History

Working Class Hero: Diego Maradona

 • by Matthew Crist
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Diego Maradona spent seven years at Napoli and was adored by the club’s fanatical fans as he guided them to un-precedented success. Having landed the superstar from Barcelona he went about conquering Italy’s notoriously mean defences as Napoli claimed their first ever Scudetto and conquered Europe.

When the world’s greatest player signed for unfashionable Napoli it was the equivalent of Lionel Messi joining Watford, such was the size of the coup that this provincial side based in the south of Italy had managed to pull off. The only difference was that the young Diego was only starting out on his path to greatness whereas Messi is nearing the end of his career.

Maradona had made his name during spells at Argentinos Juniors, scoring 116 goals in 167 games before moving to Boca Juniors where he was similarly effective; but it was when he moved to the Nou Camp and joined Barcelona that he really rose to prominence on the world stage.

It didn’t start out too well though. In World Cup in his soon to be native Spain in 1982 – where he was kicked from pillar to post by players who were unable to cope with his skill and trickery – his tournament ended prematurely when he was sent off in a bad tempered defeat to Brazil. He didn’t know it at the time but that tournament would turn out to be something of a bad omen for the young man from Lanús.

And if Maradona had thought his World Cup experience had been a forgettable one, his time at Barcelona wasn’t much better either. Following his record £5 million signing earlier that summer and despite winning the Copa del Ray in his first season, things soon turned sour during the remainder of his time at the club and he never really recovered.

Hepatitis and a broken ankle in those first 12 months had threatened to bring an early end to his career, but such was his supreme fitness and strength of mind these were merely minor obstacles on what many thought would be a long and fruitful journey with Barca.

Ultimately, what did end his time with the club was to be much more of his own making and something far more bizarre which would severely damage the little magician’s reputation with the club.

A full on fight in the Copa Del Ray final of 1984 against Athletic Bilbao would be his undoing after he confronted a number of opponents at the end of a bad-tempered affair which saw him lash-out and head butt several opposition players.

The Bilbao squad surrounded Maradona looking to dish out a little retribution of their own before the rest of the Barcelona squad steamed in to help their man. From this point on the Barcelona and Bilbao players brawled violently with Maradona in the centre of the action, lashing out at anyone within reach.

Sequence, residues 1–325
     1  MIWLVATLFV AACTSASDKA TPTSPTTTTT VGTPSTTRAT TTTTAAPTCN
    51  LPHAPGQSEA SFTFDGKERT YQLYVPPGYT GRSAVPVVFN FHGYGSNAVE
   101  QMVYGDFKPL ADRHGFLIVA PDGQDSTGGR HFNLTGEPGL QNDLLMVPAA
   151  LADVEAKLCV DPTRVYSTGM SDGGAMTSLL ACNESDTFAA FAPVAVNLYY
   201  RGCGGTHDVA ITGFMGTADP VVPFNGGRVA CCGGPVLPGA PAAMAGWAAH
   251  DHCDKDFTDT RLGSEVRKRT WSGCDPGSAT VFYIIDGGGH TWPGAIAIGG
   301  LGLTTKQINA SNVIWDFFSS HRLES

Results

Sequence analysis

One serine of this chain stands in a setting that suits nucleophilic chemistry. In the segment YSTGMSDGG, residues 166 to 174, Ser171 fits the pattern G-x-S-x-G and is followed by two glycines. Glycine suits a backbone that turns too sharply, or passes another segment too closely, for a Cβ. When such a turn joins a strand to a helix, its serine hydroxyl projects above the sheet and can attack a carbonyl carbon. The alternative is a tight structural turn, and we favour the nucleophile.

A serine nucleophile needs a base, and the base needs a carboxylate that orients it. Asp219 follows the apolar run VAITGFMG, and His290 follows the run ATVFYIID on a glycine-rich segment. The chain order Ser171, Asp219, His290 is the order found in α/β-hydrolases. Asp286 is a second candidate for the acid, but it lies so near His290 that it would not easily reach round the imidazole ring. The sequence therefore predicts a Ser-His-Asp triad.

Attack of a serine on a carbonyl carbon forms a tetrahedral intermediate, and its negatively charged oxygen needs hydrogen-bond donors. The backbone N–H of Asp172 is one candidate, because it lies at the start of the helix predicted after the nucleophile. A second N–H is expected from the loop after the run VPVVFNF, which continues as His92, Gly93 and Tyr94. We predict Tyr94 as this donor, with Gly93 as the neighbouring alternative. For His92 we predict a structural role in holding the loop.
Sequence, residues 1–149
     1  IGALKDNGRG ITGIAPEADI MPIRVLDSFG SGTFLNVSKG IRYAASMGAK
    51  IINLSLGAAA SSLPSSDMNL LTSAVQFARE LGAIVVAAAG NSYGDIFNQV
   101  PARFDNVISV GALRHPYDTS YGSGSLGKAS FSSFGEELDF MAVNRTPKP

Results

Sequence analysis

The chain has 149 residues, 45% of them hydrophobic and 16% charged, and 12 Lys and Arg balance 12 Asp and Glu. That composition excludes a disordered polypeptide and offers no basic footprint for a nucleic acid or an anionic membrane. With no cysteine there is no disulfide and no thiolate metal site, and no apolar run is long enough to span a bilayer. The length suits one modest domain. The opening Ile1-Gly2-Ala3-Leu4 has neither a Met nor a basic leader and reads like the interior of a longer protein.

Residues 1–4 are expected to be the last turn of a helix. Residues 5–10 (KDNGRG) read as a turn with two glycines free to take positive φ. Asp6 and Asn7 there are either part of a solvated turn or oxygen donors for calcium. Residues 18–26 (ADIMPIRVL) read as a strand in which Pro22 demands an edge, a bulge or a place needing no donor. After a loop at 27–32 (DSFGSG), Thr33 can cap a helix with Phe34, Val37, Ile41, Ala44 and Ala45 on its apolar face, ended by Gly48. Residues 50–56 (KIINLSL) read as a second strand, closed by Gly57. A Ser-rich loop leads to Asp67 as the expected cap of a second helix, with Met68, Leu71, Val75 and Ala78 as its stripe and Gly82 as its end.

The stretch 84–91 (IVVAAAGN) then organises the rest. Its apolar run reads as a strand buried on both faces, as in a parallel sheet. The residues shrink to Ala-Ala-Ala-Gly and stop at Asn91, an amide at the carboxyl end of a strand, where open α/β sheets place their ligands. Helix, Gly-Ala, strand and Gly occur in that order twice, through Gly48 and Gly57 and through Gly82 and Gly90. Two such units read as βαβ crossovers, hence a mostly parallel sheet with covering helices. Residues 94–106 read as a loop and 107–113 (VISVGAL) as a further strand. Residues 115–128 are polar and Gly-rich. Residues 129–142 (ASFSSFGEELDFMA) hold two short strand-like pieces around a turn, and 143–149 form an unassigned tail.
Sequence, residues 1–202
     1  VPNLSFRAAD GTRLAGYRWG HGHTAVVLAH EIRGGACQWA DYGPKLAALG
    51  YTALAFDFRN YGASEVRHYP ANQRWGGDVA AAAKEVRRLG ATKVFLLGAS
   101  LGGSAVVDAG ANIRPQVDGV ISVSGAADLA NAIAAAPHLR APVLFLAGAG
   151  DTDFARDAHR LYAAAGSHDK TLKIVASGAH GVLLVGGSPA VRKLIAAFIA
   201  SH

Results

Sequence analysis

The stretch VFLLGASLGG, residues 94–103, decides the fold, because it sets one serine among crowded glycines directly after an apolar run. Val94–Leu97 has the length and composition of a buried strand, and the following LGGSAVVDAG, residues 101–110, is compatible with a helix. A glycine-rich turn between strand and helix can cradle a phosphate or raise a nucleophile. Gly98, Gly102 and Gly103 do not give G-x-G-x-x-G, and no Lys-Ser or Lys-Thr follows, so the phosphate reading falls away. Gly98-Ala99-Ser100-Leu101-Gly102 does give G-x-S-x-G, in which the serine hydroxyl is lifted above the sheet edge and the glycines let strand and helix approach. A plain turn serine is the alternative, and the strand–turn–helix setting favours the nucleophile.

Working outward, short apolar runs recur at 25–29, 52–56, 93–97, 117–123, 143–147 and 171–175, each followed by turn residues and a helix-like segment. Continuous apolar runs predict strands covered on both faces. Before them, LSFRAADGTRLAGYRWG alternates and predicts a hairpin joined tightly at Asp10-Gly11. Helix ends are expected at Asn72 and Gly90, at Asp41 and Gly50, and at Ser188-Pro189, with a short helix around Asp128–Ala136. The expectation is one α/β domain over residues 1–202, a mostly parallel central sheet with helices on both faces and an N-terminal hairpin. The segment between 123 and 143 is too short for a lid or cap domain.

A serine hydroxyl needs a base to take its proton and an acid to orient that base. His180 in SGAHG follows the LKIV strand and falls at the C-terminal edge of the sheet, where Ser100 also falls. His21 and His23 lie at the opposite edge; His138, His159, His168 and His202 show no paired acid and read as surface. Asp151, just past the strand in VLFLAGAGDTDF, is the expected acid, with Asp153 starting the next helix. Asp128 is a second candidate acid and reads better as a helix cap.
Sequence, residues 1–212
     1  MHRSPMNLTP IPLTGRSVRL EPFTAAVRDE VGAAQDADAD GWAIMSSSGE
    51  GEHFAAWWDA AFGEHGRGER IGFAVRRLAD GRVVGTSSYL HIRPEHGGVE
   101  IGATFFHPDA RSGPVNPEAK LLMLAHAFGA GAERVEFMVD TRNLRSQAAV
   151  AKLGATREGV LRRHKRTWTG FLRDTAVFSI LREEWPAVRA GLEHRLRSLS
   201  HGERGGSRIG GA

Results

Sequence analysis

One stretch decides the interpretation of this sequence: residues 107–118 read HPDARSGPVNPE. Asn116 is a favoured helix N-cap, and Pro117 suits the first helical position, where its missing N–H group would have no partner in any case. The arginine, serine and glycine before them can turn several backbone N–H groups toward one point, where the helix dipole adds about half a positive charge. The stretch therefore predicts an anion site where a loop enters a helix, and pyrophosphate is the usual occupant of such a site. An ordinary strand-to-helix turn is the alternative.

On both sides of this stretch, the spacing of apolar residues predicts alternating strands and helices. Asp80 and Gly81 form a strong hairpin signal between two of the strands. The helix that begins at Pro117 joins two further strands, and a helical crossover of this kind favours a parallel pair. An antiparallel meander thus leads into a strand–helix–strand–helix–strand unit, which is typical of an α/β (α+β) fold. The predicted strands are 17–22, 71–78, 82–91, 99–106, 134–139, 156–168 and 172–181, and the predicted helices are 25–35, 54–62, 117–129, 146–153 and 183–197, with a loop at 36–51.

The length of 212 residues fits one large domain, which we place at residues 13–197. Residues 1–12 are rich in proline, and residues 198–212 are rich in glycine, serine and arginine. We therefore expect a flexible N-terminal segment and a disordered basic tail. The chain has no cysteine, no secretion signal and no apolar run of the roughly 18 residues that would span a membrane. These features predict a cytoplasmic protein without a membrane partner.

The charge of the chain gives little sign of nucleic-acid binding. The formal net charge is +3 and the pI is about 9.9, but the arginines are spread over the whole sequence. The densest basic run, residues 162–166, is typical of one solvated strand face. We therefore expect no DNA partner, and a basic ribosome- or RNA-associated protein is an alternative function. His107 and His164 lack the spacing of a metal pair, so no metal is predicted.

Dozens were injured in the mass brawl which took place right in front of the Spanish King Juan Carlos, thousands of fans and millions of people watching on television around Europe; it proved to be the final straw for both player and club.

The ugly scenes came about after two frustrating seasons which had seen endless battles between the player and club officials, particularly club president Josep Lluís Núñez.  One Barcelona executive later said, “When I saw those scenes of Maradona fighting and the chaos that followed I realized we couldn’t go any further with him.”

During his two injury-ravaged seasons at Barcelona, Maradona scored 38 goals in 58 games and won the Spanish Cup, League Cup and Super Cup but that didn’t stop him wanting out, complaining that the “snooty” Catalans made Latin Americans feel like “second-class citizens.” His predictably brief stay in Barcelona was over, but few could have predicted where he would go next.

In the two decades before the arrival of Diego Maradona, Napoli had won just a handful of honours, including two Coppa Italia successes in 1962 and 1976. But the club still had a huge and fanatical fan-base despite not winning much; but that was about to change.

The Naples club needed something to change their fortunes and rebuilding the squad would be a good way of going about it. New recruits Simone Boldini, Salvatore Bagni, Walter de Vecchi, Domenico Penzo and Daniel Bertoni heralded something of a changing of the guard, but one signing would prove to be the spark the struggling club so desperately desired.

The arrival of Maradona for a record £6.9 million fee would prove just the catalyst that Naples needed, thanks to local politician Vincezo Scoti using his connections with Italy’s bankers to secure Napoli a generous loan deal.

The passionate, yet volatile attacker was heading to a city, that lived-and- breathed football which had been starved of success, having never won the title and who were longing for an idol. Now they had a genuine hero they could call their own and the best part of 100,000 people queued for hours and paid 1,000 lira just to see him kick a few balls around.